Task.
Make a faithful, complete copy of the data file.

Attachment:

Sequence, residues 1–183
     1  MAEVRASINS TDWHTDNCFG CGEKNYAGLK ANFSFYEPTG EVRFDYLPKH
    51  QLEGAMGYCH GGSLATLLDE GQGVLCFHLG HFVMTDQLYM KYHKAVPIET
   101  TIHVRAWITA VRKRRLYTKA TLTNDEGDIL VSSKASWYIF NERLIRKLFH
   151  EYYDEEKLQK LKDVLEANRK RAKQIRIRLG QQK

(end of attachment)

Sequence, residues 1–183
     1  MAEVRASINS TDWHTDNCFG CGEKNYAGLK ANFSFYEPTG EVRFDYLPKH
    51  QLEGAMGYCH GGSLATLLDE GQGVLCFHLG HFVMTDQLYM KYHKAVPIET
   101  TIHVRAWITA VRKRRLYTKA TLTNDEGDIL VSSKASWYIF NERLIRKLFH
   151  EYYDEEKLQK LKDVLEANRK RAKQIRIRLG QQK